The following guest post was written by David Baker, Director of Web Communications at Oregon State University. David will be speaking at Confab Higher Ed in Atlanta, GA this November.
Video content is a powerful tool for higher education marketing and communications. When done well, it can turn your brand into a channel and connect with your audience at an emotional level. Add technological developments that make advanced digital cinema tools accessible for any budget, and the potential is huge.
Yet, most higher ed websites stumble with making video content work. To be successful, we need to step up to the plate and treat video as an integral part of our content strategy.
The good news: As colleges and universities, we’ve got a rich universe of content to draw from. Our researchers study climate in Antarctica, shape public policy and explore genetic mysteries. Our students are world travelers, Olympic athletes and community organizers. It’s hard to walk across any campus without running into a compelling subject.
The bad news: Many colleges and universities fail when it comes to video content. Entire cable networks dedicated to university programming fizzle and fade or plod along unwatched. Higher ed YouTube videos languish as brilliant lectures online take a backseat to cute cat videos.
But video content for marketing, when done well, can earn views and build your brand. You need to tread the fine line between marketing and storytelling — include your message subtly, and surround it with a great story. University of California Davis illustrates this in “The art and science of beer”:
One of the keys to creating great video content is finding the right talent. There are a few routes to take when staffing up, but they all start with finding a great visual storyteller.
Option 1: Grow Your Own Talent
The era of the Flip camera turned us all into Francis Ford Coppola wannabes. Though only a few years ago, it seems like an earlier age. Before our phones all had amazing HD video capability, those simple, one-button Flip cameras — barely larger than a pack of chewing gum — made it seem so easy. Sure the handheld video was shaky and the audio was low-quality, but the image was stunning and better than anything we’d seen before.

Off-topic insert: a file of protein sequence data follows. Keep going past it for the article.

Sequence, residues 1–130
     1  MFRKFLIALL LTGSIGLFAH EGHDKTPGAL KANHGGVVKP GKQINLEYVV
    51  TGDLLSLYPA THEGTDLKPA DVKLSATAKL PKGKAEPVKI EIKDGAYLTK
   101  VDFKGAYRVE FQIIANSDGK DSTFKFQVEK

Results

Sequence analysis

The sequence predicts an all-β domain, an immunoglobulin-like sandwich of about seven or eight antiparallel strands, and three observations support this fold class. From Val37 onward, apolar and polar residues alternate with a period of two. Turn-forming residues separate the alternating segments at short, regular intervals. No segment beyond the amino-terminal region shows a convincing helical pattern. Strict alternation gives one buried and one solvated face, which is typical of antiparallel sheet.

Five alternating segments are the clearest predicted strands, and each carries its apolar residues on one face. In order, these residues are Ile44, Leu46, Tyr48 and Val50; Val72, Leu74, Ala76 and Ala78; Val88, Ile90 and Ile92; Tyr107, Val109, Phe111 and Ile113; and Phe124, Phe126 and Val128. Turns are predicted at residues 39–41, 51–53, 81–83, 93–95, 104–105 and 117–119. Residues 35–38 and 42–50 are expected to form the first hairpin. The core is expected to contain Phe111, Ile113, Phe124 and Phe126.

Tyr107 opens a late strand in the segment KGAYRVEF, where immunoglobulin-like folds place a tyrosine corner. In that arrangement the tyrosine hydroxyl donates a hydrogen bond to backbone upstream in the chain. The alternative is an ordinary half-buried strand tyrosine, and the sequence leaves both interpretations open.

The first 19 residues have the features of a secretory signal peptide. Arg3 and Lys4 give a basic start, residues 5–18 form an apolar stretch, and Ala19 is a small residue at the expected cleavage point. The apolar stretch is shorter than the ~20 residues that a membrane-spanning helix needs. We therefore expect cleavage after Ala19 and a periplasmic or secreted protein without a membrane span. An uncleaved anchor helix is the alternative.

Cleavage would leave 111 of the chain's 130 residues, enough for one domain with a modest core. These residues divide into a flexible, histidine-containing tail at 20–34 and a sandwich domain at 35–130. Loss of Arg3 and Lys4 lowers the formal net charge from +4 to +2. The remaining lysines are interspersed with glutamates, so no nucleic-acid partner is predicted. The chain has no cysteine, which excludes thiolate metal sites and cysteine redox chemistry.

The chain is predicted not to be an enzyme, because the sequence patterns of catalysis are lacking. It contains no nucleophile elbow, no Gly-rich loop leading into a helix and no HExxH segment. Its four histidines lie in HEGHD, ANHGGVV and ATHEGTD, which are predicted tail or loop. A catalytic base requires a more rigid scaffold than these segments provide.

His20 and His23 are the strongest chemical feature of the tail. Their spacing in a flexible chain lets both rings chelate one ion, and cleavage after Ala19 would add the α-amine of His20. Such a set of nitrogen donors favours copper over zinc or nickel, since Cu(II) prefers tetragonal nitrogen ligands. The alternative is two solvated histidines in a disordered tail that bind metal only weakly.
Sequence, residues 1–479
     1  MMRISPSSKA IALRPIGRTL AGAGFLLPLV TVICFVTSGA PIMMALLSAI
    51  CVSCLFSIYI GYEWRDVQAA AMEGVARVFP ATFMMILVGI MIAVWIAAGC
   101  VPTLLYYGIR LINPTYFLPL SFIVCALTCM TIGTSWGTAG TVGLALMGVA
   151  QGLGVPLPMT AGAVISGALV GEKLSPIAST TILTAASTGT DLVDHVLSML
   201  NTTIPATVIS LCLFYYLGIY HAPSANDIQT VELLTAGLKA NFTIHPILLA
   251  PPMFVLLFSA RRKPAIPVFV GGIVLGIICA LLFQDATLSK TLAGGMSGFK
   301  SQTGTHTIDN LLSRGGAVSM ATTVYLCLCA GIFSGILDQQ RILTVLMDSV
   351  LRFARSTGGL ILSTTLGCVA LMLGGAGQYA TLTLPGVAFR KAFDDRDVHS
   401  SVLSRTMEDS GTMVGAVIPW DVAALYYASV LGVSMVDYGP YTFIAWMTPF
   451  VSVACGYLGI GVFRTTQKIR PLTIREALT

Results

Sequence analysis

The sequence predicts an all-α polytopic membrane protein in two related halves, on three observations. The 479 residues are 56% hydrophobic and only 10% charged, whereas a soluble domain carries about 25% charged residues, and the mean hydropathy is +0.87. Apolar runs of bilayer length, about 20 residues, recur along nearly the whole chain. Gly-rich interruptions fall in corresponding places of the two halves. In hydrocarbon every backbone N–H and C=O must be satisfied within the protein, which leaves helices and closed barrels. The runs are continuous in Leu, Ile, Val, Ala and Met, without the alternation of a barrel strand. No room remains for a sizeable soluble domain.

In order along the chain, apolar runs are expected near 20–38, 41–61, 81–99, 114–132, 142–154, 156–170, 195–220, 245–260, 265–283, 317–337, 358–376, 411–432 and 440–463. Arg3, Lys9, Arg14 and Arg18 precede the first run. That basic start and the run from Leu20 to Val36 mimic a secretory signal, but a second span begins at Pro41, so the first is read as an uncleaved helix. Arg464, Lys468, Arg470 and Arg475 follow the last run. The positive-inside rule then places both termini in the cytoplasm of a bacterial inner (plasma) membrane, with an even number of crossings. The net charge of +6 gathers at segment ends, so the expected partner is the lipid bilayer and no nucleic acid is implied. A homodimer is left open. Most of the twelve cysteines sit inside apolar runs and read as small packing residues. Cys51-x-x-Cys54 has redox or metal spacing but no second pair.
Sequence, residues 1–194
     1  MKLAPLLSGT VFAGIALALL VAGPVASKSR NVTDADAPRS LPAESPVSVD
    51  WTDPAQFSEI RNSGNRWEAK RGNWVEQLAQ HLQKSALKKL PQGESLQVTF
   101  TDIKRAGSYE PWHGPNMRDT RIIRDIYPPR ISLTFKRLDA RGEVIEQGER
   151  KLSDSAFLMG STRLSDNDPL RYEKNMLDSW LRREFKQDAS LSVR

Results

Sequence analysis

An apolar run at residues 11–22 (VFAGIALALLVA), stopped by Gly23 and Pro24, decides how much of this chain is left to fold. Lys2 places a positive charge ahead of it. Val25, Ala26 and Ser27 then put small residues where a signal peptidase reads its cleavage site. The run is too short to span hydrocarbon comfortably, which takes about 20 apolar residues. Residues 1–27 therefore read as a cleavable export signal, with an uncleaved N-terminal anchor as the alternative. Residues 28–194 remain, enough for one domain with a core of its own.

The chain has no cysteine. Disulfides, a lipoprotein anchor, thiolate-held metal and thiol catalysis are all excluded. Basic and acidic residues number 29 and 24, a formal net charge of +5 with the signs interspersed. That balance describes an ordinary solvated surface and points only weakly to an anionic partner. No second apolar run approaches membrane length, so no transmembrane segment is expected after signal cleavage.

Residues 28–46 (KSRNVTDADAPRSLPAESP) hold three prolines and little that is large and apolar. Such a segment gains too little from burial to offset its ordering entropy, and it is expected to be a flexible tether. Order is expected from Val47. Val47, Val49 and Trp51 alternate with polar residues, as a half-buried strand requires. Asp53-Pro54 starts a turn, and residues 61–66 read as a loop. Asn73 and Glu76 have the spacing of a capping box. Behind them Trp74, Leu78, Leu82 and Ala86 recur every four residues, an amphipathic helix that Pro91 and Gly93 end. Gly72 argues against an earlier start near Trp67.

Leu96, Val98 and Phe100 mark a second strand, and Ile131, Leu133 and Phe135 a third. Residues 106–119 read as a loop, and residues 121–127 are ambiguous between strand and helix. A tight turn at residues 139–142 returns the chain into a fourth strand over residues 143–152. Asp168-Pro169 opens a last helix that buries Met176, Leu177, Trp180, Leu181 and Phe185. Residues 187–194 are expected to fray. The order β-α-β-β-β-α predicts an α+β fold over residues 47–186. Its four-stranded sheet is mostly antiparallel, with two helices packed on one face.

We even invented a conceptual framework that allowed us, as digital marketers, to embrace this amateurish video: It’s more authentic, low-fi is in, too much polish smacks of untrusted commercialism, it’s what is popular on YouTube, and so on.
But the fact of the matter is that most of what we created in the Flip Camera Era was unwatchable. Looking back at our 2008 video content today, it feels dated. It’s more unrefined than it is authentic. The notion that we can turn anyone into a web video producer turned out to be fantasy.
However, this doesn’t mean that you can’t grow your own video content marketing talent.
The next big video innovation after the Flip camera was the advent of the DSLR (digital single-lens reflex) camera. When Canon added HD video capabilities to its prosumer and high-end still cameras, the power of a good quality lens gave an instant cinematic look to the video it produced.
Add an affordable audio device like the Zoom H4N, and DSLRs remain our mainstay for video production. Even broadcast producers use these cameras on major television programs. With the right talent, DSLR cameras allow users to bring a photographer’s sense of composition and a photojournalist’s knack for storytelling to the arena of digital cinema. And that’s where great content marketing begins: with the story.
Despite what many like to think, however, you can’t just hand a Flip camera, an iPhone, or even a DSLR to anyone on your team and expect to capture watchable content. Sometimes you might get lucky, but much of your content will drift aimlessly in the ether of YouTube.
Odds are, though, you’ve got someone in your group who’s an avid photographer with a strong sense of composition. Pair that person with a writer who has interviewing skills, hand them a Canon 7D and a tripod, and you have the makings of a documentary film crew.
The key to growing your own talent is to seek out team members with a passion for the craft. They can’t learn it all on the job — there just isn’t enough time. But if they have enough passion to learn the needed skills (and conduct much of this learning on their personal time), then you just might be able to cultivate a homegrown Michael Moore.
Option 2: Hire a Filmmaker
Filmmaker might seem like an odd position title. I bet that title doesn’t show up on your institution’s HR website.
But if you don’t have the time, or the right mix of interest and ability on your team, hiring a filmmaker might be the best way to go.
There is a difference between a marketer, a videographer and a filmmaker. Great marketers know advertising and messaging. Videographers are detail-oriented technicians. But filmmakers always put the story first, and stories are what you want for content marketing.
When hiring a filmmaker, ask to see each applicant’s demo reel. If it’s a technically precise collection of shots from various commercial or professional projects, that person may not have what you’re looking for. But if you see some visual poetry, experimental footage, time-lapse sunsets, interviews with a grandmother or a local mechanic, you may be onto something.